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Publication numberUS5542959 A
Publication typeGrant
Application numberUS 08/538,985
Publication dateAug 6, 1996
Filing dateOct 6, 1995
Priority dateMar 2, 1994
Fee statusPaid
Also published asUS5480462
Publication number08538985, 538985, US 5542959 A, US 5542959A, US-A-5542959, US5542959 A, US5542959A
InventorsMark E. Tuttle
Original AssigneeMicron Communications, Inc.
Export CitationBiBTeX, EndNote, RefMan
External Links: USPTO, USPTO Assignment, Espacenet
Laminating the release liner sheet with an electroconductive sheet and pulling the release sheet off leaving lithium pattern adhering on
US 5542959 A
Abstract
A method of forming a plurality of button-type electrodes includes: a) providing a release liner sheet having elemental lithium adhered thereto in the form of a series of discrete patterns having a size and shape of the lithium electrodes being formed; b) providing an electrically conductive sheet having an exposed surface which is divisible into a plurality of areas; c) laminating the release liner sheet with the conductive sheet to adhere the series of discrete elemental lithium patterns onto the respective sheet areas; d) pulling the release liner sheet from the conductive sheet and discrete lithium patterns, leaving the discrete lithium patterns adhering to the conductive sheet; and e) cutting and forming a plurality of discrete battery terminal housing members from the areas of the sheet, with each of the discrete battery terminal housings bearing one of the discrete lithium patterns.
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Claims(1)
I claim:
1. A method of forming a plurality of button-type lithium electrodes comprising the following steps:
providing a release liner sheet having elemental lithium adhered thereto, the adhered elemental lithium being in the form of a series of discrete patterns having a size and shape of the lithium electrodes being formed;
providing an electrically conductive sheet having an exposed surface, the exposed surface being divisible into a plurality of areas;
laminating the release liner sheet with the electrically conductive sheet to adhere the series of discrete elemental lithium patterns onto the respective sheet areas;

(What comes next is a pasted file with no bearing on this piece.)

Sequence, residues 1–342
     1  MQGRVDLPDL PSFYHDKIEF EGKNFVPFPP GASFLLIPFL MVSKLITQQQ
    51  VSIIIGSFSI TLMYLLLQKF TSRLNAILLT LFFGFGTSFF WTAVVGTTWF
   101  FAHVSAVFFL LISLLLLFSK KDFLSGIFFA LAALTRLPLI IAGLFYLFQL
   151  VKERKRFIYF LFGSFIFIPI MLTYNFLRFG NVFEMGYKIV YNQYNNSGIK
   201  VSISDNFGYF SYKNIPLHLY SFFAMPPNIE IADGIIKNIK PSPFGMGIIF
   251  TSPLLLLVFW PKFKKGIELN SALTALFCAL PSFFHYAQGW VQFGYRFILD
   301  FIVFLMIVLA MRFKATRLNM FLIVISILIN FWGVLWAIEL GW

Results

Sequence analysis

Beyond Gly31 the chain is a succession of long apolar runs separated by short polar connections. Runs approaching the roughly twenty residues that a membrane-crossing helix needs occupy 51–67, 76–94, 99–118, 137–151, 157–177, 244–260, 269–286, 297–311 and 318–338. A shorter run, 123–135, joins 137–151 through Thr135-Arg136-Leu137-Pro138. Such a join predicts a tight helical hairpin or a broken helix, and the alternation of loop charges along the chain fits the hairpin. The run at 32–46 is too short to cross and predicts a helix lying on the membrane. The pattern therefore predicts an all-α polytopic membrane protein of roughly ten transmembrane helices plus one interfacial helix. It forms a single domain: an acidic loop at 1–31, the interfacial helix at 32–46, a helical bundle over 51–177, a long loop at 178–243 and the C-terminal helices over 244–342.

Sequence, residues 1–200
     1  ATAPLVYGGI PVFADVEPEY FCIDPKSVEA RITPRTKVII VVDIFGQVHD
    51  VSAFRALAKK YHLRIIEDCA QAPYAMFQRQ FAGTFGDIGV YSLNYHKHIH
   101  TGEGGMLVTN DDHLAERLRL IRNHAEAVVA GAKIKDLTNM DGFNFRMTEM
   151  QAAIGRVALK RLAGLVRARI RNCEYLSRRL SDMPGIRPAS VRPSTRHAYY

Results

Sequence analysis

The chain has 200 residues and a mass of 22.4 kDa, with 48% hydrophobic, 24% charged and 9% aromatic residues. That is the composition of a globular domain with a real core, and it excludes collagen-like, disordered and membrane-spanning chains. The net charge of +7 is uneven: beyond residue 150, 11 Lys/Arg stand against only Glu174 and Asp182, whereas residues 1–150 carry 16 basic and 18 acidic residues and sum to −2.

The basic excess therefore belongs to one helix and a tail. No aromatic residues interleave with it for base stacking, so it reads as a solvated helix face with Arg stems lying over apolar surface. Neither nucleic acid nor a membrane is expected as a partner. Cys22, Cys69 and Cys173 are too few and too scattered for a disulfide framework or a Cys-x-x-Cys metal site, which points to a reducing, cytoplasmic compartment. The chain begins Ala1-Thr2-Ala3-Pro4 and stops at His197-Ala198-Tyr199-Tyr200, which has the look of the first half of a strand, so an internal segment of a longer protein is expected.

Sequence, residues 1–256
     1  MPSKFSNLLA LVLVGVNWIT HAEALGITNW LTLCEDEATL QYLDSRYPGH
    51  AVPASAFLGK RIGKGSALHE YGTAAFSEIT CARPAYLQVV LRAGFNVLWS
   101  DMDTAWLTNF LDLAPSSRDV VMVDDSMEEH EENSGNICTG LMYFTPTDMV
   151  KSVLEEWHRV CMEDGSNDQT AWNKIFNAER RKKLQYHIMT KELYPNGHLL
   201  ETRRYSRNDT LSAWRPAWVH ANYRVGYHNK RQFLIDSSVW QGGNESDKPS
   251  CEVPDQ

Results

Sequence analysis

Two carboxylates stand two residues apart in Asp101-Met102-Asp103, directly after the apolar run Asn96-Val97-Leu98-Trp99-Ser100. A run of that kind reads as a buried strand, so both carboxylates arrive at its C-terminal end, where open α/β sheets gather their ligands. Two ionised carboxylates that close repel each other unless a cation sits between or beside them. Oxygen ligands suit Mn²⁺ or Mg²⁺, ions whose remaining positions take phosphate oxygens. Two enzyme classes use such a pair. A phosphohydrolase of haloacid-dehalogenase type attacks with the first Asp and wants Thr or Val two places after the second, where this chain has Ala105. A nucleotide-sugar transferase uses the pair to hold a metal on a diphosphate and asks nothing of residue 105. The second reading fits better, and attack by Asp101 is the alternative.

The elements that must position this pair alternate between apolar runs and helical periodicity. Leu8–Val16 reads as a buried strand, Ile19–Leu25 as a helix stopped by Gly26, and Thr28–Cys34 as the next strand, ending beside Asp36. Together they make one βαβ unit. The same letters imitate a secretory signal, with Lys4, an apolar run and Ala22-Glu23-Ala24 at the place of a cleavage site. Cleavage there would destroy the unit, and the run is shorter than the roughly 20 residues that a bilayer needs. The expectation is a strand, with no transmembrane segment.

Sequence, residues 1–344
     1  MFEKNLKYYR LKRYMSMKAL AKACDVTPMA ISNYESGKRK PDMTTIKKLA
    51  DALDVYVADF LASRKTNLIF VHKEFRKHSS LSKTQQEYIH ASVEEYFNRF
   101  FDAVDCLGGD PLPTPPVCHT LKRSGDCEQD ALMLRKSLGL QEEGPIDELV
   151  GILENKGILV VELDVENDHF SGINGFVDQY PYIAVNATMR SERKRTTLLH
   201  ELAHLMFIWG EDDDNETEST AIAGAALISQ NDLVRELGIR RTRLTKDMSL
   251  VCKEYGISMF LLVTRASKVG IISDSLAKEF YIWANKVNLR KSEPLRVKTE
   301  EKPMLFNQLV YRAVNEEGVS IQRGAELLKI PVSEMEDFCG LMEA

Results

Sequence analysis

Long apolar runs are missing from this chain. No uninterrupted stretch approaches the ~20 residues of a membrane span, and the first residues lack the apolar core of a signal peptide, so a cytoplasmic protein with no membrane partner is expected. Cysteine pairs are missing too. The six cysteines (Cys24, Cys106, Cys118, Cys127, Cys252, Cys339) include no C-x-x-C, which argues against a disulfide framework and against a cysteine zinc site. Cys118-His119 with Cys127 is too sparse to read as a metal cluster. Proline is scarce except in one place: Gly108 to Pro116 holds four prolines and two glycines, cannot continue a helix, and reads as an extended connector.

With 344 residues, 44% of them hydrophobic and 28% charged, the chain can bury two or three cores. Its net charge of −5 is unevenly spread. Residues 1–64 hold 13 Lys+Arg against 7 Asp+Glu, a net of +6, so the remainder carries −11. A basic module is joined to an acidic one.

pulling the release liner sheet from the electrically conductive sheet and discrete lithium patterns, leaving the discrete lithium patterns adhering to the electrically conductive sheet; and
cutting and forming a plurality of discrete battery terminal housing members from the areas of the electrically conductive sheet, with each of the discrete battery terminal housings bearing one of the discrete lithium patterns.
Description

This patent is a divisional patent application of U.S. patent application Ser. No. 08/271,012, filed Jul. 6, 1994, entitled "Method of Forming Button-Type Battery Lithium Electrodes" listing the inventor as Mark E. Tuttle, and which is now U.S. Pat. No. 5,480,462, which is a continuation-in-part of application 1) U.S. patent application Ser. No. 08/205,611, filed Mar. 2, 1994, by Peter M. Blonsky, et al., titled "Button-Type Battery With Improved Separator and Gasket Construction" 2) U.S. patent application Ser. No. 08/205,957, filed Mar. 2, 1994, by Mark E. Tuttle, et al., titled "Button-Type Battery Having Bendable Construction, and Angled Button-Type Battery" (now U.S. Pat. No. 5,432,027); and 3) U.S. patent application Ser. No. 08/206,051, filed Mar. 2, 1994, by John R. Tuttle, et al., titled "Method of Producing Button-Type Batteries and Spring-Biased Concave Button-Type Battery" (now U.S. Pat. No. 5,486,431).

TECHNICAL FIELD

This invention relates to forming button-type battery lithium electrodes.

BACKGROUND OF THE INVENTION

Button-type batteries are small, thin energy cells that are commonly used in watches and other electronic devices requiring a thin profile. A conventional button-type battery includes two electrodes in the form of an anode and a cathode. These are separated by a porous separator. An electrolyte is present within pores of the separator.

These internal battery components are housed within a metal casing or housing formed by a lower conductive can and an upper conductive lid. A common prior art material for the can and lid is stainless steel. The can is typically in electrical contact with the cathode to form the positive battery terminal, and the lid is in electrical contact with the anode to form the negative battery terminal. The can and lid are crimped or pressed together to form a fluid-tight seal which entirely encloses the anode, cathode, separator, and electrolyte. An electrically insulating sealing gasket is provided within the primary seal between the lid and can to electrically isolate the two housing members.

Typically, the can and lid are separately pre-formed with the anode and cathode materials being inserted after housing formation. One electrode material is elemental lithium, which is typically utilized within the lid as the anode electrode. The typical anode assembly method comprises placing a piece of lithium, already in its finished anode shape, to within the center of a pre-formed lid. The lithium adheres to the lid material, and the lid/lithium composite can then be easily moved in juxtaposition to the cathode can without dislodging the lithium. However, one difficulty with this method concerns handling of the elemental lithium. In short, lithium is sticky and adheres to most everything with which it comes into contact. This makes it extremely difficult for the assembler to appropriately and precisely position the lithium within the lid without it sticking to the insertion tool and other objects.